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UPDATE: Presidency explains how dead man crept into Buhari’s new appointments

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Ibrahim Sha’abanhttps://dailynigerian.com/
Jaafar Jaafar is a graduate of Mass Communication from Bayero University, Kano. He was a reporter at Daily Trust, an assistant editor at Premium Times and now the editor-in-chief of Daily Nigerian.
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Reacting to the controversy trailing its recent appointment of 1,468 Nigerians into the boards of agencies and parastatals, the presidency said there was nothing scandalous about the list, as “the list has a history”.

Notable among the list was Francis Okpozo, a former Senator, who died on December 26, 2016, and was on Friday appointed to be the chairman of the Board of the Nigerian Press Council.

Mr Okpozo was a former deputy speaker of defunct Bendel State who died in Benin City after an illness, was also elected to the Senate on the Social Democratic Party platform.

However, the spokesman of the president, Garba Shehu explained that the list was prepared by the embattled Secretary to the Government of the Federation, SGF, Babachir David Lawal.

He added that the current SGF was only directed to complete that process by releasing the list which he apparently did without altering it.

In a telephone interview with the PREMIUM TIMES, the spokesman said, “in 2015, Mr. President requested all state chapters of the party to submit names of 50 party members for board appointments.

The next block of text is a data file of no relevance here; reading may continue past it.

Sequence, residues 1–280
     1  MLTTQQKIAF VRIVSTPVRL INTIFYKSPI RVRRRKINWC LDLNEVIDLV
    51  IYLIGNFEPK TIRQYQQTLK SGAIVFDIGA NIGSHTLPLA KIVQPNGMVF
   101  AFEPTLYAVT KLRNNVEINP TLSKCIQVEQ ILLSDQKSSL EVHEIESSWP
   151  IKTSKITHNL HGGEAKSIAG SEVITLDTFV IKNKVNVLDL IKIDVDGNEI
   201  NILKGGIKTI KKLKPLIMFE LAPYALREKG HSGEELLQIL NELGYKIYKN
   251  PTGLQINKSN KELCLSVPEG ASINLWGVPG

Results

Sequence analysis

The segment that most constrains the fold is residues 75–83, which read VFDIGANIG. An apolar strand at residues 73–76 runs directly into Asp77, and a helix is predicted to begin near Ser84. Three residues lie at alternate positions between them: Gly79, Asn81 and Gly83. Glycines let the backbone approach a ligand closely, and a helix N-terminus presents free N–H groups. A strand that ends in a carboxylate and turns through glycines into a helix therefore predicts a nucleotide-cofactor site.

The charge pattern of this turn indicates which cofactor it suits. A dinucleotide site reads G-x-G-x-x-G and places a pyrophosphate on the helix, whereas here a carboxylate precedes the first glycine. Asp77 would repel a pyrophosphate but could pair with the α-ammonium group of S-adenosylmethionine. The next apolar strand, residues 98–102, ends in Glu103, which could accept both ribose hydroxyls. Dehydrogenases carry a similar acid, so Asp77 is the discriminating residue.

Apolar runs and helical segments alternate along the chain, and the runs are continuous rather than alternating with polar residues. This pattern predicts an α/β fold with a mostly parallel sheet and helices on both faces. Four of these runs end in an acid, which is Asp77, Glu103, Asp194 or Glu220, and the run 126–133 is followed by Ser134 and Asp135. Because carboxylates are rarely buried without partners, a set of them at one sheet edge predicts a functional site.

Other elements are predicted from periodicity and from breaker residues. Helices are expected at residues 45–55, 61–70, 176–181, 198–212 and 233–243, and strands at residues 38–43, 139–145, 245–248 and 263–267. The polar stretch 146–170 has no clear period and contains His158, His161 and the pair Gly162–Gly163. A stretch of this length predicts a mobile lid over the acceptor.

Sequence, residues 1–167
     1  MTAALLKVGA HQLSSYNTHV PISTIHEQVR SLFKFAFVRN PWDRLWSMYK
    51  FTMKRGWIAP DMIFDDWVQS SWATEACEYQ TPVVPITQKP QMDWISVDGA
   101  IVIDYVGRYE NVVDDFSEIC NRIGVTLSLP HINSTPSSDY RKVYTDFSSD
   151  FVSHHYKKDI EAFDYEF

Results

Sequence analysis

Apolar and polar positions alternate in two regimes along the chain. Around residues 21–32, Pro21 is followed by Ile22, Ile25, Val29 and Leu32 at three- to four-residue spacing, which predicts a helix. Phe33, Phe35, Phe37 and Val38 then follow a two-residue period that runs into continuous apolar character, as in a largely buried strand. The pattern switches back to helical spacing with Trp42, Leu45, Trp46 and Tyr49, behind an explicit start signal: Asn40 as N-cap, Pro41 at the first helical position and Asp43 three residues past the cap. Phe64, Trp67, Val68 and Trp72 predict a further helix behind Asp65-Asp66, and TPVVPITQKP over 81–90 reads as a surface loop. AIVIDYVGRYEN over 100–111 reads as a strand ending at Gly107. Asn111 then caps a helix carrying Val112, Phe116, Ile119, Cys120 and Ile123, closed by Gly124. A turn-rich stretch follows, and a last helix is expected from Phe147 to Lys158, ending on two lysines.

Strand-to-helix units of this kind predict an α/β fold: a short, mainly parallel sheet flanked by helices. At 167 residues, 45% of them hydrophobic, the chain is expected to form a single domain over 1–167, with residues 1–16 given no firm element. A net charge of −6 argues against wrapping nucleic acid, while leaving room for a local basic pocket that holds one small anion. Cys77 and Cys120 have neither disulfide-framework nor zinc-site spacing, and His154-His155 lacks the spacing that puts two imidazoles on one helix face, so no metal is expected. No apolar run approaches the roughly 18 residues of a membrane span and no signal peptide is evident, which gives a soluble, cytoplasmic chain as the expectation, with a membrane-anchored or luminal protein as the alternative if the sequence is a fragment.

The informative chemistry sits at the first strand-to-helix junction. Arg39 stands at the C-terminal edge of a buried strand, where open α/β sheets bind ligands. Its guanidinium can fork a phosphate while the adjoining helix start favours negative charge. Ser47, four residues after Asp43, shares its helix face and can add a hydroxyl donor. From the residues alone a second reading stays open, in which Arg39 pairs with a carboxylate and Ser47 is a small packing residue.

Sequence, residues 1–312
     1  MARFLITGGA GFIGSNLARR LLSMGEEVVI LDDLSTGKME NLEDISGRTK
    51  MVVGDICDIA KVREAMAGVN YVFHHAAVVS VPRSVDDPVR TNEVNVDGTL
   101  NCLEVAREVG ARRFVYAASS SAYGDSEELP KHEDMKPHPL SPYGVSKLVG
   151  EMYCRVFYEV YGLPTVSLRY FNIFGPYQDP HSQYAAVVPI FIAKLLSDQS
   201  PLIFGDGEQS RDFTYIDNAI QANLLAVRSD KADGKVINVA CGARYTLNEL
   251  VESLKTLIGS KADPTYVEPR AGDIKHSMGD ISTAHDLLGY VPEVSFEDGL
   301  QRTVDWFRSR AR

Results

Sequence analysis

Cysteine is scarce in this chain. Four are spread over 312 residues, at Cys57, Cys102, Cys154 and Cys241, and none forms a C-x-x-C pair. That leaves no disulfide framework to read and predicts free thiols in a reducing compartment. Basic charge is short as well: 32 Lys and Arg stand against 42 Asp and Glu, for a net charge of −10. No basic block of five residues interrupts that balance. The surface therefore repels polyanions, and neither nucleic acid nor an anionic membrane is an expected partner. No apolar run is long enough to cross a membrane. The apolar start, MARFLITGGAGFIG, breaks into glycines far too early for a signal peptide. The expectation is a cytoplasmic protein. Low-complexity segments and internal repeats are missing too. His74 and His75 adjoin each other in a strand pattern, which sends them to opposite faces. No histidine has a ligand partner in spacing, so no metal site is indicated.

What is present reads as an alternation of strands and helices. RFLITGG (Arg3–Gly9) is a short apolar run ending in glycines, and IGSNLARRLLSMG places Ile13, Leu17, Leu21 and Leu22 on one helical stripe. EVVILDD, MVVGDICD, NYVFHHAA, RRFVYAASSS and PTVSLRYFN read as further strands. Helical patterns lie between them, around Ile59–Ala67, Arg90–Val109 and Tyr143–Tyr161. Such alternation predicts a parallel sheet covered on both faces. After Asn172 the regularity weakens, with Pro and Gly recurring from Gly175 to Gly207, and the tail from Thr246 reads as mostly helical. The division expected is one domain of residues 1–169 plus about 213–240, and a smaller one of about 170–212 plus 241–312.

“The names where compiled by the national secretariat of the APC and forwarded to the then secretary to the government of the federation, Babachir Lawal.

“However, complaint arose from some governors who felt they were not carried along in the process. To answer this, the president constituted a committee under the vice president to review and reflect the interest of the governors,” pointed out.

Mr Shehu however said action was delayed on the report of the committee headed by Vice President Yemi Osinbajo as President Muhammadu Buhari took ill.

“The president’s trips for medical attention slowed down completion of the process,” he said, until when Mr Buhari decided to revisit the matter recently.

Mr Shehu admitted that errors were committed but added that “no human undertaking can be free of mistakes”.
He said the errors identified with the list were not enough to describe the exercise as scandalous, insisting that “there is no scandal”.

The spokesperson said all errors in the list would be corrected.

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